New Ken Burns Film Premieres November 18th
The Dust Bowl chronicles this critical moment in American history in all its complexities and profound human drama. It is part oral history, using compelling interviews of 26 survivors of those hard times—what will probably be the last recorded testimony of the generation that lived through the Dust Bowl. Filled with seldom seen movie footage, previously unpublished photographs, the songs of Woody Guthrie, and the observations of two remarkable women who left behind eloquent written accounts, the film is also a historical accounting of what happened and why during the 1930s on the southern Plains. It is also a morality tale about our relationship to the land that sustains us—a lesson we ignore at our peril.
The Dust Bowl, a two-part, four-hour documentary series by Ken Burns, will air November 18 and 19 at 8:00 p.m. on WCVE PBS / WHTJ PBS.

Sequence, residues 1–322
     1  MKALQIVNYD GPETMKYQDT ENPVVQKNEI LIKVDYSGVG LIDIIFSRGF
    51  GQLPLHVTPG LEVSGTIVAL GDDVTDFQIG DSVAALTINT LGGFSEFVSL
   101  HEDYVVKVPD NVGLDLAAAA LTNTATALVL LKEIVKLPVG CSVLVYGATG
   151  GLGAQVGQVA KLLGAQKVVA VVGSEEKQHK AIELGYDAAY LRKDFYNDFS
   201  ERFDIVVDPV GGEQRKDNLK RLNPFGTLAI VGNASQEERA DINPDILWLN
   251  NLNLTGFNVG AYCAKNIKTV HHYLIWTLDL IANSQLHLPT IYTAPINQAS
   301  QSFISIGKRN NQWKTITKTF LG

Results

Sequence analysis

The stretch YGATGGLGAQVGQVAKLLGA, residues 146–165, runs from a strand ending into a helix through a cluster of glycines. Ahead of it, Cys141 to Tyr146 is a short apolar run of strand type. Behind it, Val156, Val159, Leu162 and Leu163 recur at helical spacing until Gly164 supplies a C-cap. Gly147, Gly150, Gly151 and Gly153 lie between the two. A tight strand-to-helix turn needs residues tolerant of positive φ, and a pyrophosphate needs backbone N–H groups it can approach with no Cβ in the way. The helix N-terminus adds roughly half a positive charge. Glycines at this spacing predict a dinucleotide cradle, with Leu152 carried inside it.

In 1930, with the Great Depression underway, wheat prices collapsed. Rather than follow the government’s urging to cut back on production, desperate farmers harvested even more wheat in an effort to make up for their losses. Fields were left exposed and vulnerable to a drought, which hit in 1932.
Once the winds began picking up dust from the open fields, they grew into dust storms of biblical proportions. Each year the storms grew more ferocious and more frequent, sweeping up millions of tons of earth, covering farms and homes across the Plains with sand, and spreading the dust across the country. Children developed often fatal "dust pneumonia," business owners unable to cope with the financial ruin committed suicide, and thousands of desperate Americans were torn from their homes and forced on the road in an exodus unlike anything the United States has ever seen.
Yet The Dust Bowl is also a story of heroic perseverance against enormous odds: families finding ways to survive and hold on to their land, New Deal programs that kept hungry families afloat, and a partnership between government agencies and farmers to develop new farming and conservation methods.